Hi all. I just found out my 3 yr old has Hypogammaglobulinemia. He was diagnosed with c4 deficiency at 2 yrs due to having ? atypical Kawasaki disease at 16 months. I know that he is prone to bacterial infections and has a 75 % chance of developing Lupus due to the c4 deficiency. I also know that he didn't respond to his prevnar and meningegate vaccines and has to revacinated, for the 3rd time. What I don't know is, what is Hypogammaglobulinemia and what does it mean for him? I have a 13 yr old with the C4 deficieny and he is pretty healthy, as is Luke. They are never sick, or so it seems. My 13 yr old always has sinus infection but aside from that he is pretty healthy. Does anyone have any information for me on what this all means?? Thanks
Hi Wendy ... I know its hard not to panic when you are the parent (I have four kids!!). I am not a doctor, but I do have hypogammaglobulinemia (also known as an antibody deficiency) so I might be able to offer some insights to help you out until you get some solid answers from an immunologist. Hypogamma means that the patient is not producing enough immunoglobulins - that's where we get the antibodies from to protect us from disease. The most prolific one in our bodies is IgG and your son is likely deficient in this and perhaps some others. Those of us lacking IgGs tend to be very prone to infection, although there is a huge range in how this affects different people. The good news is that it is treatable and most of us with hypogamma lead long, relatively healthy lives, especially if the condition is discovered early in life before there is long term damage to lungs etc. The prognosis for your son would be very good I believe. The treatment might involve regular use of antibiotics and agressive treatment of infections ... or it might at some point involve monthly infusions of gammaglobulins (this is known as ivig if you are doing a search). IVIG is a blood product that essentially gives us someone else's immune system for a month. It is very effective, but wears off in a few weeks, hence the regular infusions. There is an organization in th US called the Immune Deficiency Foundation. You might want to check them out. I hope you are seeing an immunologist about this and that you get the problems and treatments worked out soon. It might be a good idea to have your 13 year old's immunoglobulin levels checked as well. Chronic sinus infections are typical with many kinds of immune deficiencies. Let us know how you are making out and if we can help with any other questions.
hi there and thanks for replying. Luke is low in Iga and Igg and is not producing antibodies. He sees and immunoligist for his complement deficiency and he is the on that told me that luke is low in these areas but he didn't tell me the name of it. I read a letter that he sent to my GP and in that he stated that Luke had hypogammaglobulinemia. I think he also tested my 13 yr old for this but I don't think he has it but the c4 deficiency will also cause the cronic sinus infections. When did u get diagnosed with this? Do you take IVIG for illness? Are you sick very ofter? Luke had IVIG at 16 months when he became very sick. They thought he had cancer and actually told us he did and then said that they were pleasantly surprised that he didn't have it and diagnosed him with atypical kawaski disease. Atypical because it caused bone marrow failure. a very scary time. thanks for the info and will look forward to hearing more.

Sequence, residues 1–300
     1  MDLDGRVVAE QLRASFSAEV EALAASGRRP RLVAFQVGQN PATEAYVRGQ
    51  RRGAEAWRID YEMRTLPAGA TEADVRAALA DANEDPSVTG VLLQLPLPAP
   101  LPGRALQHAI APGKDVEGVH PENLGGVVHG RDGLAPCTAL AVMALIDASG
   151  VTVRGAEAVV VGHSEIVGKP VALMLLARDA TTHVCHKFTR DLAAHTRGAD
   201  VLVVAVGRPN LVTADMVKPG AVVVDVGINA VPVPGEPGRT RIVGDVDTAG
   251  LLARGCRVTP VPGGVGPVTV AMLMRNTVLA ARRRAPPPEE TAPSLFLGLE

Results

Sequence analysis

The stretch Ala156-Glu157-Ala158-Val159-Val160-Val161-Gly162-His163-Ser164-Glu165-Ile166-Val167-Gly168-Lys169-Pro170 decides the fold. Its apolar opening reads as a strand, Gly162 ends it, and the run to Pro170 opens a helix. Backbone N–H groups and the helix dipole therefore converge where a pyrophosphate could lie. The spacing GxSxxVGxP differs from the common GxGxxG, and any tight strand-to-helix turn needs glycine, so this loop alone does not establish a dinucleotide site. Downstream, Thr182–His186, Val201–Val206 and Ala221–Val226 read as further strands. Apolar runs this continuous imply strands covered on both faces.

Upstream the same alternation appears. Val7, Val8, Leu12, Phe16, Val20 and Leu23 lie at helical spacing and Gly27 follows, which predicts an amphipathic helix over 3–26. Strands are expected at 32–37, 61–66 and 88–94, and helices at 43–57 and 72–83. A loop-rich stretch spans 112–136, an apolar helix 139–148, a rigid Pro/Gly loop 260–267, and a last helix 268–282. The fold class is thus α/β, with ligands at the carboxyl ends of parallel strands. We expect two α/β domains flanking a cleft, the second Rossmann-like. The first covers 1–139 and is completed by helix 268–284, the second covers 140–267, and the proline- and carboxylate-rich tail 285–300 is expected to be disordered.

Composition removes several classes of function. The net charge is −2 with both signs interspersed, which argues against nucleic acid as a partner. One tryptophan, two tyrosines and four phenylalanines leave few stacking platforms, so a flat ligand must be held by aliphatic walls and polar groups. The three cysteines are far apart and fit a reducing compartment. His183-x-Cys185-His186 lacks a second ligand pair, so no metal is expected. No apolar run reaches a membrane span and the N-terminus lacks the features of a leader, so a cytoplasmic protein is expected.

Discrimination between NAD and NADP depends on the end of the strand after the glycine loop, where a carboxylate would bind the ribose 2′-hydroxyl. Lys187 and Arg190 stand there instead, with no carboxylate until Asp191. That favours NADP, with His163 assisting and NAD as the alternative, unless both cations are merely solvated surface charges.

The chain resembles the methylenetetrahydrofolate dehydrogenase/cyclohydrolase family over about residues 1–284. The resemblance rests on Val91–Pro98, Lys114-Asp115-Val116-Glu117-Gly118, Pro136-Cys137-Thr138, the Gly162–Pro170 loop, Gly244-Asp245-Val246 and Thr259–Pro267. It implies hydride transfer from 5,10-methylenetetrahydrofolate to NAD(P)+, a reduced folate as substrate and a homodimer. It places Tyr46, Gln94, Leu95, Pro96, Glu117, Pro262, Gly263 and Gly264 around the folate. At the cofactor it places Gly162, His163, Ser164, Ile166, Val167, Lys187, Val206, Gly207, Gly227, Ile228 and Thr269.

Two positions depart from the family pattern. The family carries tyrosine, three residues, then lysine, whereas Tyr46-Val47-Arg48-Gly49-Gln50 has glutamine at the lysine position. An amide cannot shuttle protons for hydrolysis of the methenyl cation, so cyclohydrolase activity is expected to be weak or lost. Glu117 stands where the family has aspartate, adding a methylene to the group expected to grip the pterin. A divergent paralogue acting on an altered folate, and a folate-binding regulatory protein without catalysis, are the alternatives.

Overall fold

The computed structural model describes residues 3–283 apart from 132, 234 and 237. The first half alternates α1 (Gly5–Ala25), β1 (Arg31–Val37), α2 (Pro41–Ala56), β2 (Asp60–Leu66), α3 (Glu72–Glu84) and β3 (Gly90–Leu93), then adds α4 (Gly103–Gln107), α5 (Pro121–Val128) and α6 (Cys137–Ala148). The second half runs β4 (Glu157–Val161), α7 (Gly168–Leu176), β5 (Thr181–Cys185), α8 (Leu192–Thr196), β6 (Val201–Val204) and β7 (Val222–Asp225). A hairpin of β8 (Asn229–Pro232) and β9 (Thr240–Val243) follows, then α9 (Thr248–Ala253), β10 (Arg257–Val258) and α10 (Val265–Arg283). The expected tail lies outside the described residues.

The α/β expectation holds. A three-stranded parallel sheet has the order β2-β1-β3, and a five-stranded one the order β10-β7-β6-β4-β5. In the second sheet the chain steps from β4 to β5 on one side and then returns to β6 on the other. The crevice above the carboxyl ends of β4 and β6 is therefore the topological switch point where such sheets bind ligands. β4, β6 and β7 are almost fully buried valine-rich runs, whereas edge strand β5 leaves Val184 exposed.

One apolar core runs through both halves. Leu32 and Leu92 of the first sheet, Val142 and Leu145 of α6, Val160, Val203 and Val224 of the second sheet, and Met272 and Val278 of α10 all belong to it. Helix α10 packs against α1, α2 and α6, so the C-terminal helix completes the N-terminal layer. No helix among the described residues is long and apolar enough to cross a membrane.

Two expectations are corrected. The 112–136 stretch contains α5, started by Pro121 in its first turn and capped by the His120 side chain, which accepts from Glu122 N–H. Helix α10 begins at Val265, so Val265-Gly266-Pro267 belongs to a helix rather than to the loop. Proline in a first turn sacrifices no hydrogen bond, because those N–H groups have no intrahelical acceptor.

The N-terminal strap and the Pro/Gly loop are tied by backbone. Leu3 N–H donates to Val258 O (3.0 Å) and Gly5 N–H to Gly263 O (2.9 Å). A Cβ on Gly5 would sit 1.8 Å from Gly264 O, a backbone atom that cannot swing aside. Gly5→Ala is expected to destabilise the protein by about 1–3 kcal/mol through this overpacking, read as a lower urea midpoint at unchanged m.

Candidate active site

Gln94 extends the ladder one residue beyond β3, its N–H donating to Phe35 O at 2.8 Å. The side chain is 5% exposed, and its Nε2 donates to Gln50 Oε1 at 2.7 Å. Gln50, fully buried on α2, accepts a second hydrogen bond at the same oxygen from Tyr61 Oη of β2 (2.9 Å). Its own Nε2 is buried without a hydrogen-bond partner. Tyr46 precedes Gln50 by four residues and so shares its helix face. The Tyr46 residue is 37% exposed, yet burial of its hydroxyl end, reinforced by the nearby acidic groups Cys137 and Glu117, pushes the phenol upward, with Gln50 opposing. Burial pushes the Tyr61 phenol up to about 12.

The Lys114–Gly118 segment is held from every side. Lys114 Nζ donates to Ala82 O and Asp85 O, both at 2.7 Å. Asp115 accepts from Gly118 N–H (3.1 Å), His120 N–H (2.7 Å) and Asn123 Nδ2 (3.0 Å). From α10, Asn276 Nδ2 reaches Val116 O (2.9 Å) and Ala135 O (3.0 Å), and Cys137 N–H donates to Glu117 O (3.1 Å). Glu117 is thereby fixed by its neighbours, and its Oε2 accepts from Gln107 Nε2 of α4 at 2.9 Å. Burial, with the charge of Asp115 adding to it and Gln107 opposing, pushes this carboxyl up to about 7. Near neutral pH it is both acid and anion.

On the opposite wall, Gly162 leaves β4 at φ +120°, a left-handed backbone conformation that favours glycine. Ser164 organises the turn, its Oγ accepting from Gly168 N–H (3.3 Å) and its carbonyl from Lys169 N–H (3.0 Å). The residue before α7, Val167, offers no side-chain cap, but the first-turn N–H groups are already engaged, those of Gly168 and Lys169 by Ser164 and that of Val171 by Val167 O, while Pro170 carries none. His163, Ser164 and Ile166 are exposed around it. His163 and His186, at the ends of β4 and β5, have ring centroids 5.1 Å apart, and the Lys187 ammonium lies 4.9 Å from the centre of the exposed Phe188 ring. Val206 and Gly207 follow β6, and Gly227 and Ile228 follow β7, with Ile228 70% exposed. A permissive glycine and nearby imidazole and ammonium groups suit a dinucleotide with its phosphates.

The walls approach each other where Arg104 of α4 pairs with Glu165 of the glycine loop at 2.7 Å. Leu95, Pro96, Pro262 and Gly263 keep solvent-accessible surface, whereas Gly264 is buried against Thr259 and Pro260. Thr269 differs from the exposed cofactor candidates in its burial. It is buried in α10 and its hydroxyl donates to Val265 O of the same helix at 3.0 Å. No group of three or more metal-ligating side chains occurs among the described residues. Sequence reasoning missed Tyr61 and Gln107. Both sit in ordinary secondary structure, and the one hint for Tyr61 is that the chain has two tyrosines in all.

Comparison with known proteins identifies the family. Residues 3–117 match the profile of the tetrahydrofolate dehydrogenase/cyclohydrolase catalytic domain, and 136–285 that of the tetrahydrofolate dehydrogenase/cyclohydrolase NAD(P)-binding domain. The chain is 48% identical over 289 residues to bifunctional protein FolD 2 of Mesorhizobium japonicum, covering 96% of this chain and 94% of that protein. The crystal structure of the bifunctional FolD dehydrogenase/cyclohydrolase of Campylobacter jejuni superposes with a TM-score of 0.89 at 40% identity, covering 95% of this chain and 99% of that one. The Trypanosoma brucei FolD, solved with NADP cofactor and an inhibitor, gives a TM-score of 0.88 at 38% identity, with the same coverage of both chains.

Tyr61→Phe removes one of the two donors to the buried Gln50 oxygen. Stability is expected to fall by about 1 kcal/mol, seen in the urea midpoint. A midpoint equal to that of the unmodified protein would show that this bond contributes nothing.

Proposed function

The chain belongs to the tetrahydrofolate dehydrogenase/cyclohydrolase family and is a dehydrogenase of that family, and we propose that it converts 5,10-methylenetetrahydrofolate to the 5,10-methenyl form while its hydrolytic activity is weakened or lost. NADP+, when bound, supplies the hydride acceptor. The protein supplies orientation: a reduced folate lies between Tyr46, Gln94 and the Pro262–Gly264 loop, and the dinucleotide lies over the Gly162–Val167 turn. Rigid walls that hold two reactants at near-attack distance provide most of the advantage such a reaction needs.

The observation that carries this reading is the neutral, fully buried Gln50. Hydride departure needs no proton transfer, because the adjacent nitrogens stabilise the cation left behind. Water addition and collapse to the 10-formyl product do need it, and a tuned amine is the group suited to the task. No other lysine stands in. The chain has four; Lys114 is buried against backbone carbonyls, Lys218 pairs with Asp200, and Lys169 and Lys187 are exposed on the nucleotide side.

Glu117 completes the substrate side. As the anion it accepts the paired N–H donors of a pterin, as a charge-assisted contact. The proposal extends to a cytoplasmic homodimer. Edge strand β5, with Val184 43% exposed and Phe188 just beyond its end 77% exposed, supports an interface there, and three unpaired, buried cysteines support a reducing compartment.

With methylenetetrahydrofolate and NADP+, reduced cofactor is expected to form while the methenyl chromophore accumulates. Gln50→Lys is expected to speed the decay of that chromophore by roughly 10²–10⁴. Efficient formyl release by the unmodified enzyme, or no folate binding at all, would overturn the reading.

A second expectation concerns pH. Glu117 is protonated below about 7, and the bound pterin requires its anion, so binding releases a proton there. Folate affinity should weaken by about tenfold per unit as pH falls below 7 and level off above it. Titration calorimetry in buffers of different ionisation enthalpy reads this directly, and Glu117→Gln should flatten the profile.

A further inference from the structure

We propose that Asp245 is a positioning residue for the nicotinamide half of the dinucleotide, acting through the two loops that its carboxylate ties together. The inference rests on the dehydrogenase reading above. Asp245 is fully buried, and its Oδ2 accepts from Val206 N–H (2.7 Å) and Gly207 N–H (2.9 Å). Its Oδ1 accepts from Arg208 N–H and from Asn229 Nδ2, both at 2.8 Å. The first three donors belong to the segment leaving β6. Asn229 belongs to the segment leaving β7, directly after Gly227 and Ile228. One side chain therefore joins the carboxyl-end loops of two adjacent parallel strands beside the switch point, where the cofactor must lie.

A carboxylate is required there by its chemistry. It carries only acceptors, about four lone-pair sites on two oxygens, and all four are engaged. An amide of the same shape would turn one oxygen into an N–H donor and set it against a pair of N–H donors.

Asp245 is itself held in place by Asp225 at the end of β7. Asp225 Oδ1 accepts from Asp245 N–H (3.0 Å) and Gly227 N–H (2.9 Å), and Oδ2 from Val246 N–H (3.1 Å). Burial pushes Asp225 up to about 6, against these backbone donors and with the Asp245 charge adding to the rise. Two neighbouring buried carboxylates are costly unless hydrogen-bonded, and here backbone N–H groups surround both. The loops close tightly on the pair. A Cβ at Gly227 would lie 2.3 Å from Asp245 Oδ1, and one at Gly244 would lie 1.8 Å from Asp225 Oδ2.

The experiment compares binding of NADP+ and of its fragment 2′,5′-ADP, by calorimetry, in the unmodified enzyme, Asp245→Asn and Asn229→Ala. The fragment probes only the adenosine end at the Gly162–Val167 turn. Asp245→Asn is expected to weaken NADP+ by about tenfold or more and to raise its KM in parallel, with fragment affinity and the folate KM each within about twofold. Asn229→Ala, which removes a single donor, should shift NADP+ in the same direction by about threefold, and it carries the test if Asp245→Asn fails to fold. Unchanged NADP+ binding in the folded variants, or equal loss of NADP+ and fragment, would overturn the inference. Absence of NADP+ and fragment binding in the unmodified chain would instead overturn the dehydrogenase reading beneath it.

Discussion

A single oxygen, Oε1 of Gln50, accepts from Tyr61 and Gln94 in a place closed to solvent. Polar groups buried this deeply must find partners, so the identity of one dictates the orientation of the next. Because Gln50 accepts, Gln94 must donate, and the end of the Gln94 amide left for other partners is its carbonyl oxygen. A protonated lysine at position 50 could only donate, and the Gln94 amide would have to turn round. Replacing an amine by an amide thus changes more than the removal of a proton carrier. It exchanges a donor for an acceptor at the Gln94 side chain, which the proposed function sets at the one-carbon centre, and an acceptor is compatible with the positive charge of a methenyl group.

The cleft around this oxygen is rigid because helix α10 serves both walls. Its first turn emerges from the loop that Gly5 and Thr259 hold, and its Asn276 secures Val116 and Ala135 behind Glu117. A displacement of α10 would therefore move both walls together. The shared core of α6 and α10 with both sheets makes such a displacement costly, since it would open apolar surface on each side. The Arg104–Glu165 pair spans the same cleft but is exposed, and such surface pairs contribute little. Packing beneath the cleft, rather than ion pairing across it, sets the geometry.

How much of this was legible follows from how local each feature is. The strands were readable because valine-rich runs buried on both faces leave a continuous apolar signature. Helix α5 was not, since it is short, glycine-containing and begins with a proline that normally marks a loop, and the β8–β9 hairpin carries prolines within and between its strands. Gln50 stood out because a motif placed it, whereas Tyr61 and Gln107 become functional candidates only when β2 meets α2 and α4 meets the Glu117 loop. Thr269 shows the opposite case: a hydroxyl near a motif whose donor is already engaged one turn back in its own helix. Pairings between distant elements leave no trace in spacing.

Hi Wendy - sounds like you're on the right track with the dr. That must have been very scary when Luke was so sick. I was diagnosed with an "immature immune system" when I was 4. This was in the 60's and there wasn't a lot of information or treatment options then. I was supposed to 'outgrow' the deficiency, and to some extent I did, but it started causing problems again about 5 years ago. It took 4 years for the drs to figure out what was going on. I have brittle asthma and I trigger very badly off of respiratory infections so when I started getting serious infections every month things got a little ugly. I started on ivig in January 2004 and I am doing much better now. I still get infections that land me in hospital but its about once every 6 months instead of every 6 weeks. Big improvement. Its very positive that your son was diagnosed so early. As with many other conditions, an early diagnosis is a huge benefit.